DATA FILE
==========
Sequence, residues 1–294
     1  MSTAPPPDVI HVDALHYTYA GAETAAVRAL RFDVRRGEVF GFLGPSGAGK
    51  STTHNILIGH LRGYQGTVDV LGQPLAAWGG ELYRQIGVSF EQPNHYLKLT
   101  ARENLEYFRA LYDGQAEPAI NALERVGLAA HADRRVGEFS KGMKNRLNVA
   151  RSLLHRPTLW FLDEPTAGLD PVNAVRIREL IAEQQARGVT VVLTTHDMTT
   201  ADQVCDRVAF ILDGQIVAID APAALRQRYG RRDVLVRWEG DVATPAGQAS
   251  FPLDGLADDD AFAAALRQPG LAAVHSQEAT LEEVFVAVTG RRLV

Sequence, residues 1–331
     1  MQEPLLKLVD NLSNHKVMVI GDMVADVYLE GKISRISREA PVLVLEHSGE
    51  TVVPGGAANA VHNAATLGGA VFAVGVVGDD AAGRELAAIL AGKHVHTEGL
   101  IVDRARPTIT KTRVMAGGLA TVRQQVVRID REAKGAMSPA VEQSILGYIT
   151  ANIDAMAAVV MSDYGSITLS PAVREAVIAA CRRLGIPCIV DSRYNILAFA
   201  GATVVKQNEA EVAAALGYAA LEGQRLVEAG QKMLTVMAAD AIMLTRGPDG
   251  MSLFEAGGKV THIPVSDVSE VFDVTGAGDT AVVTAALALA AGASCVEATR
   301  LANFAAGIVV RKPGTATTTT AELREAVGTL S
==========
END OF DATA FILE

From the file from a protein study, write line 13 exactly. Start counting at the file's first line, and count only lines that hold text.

   201  GATVVKQNEA EVAAALGYAA LEGQRLVEAG QKMLTVMAAD AIMLTRGPDG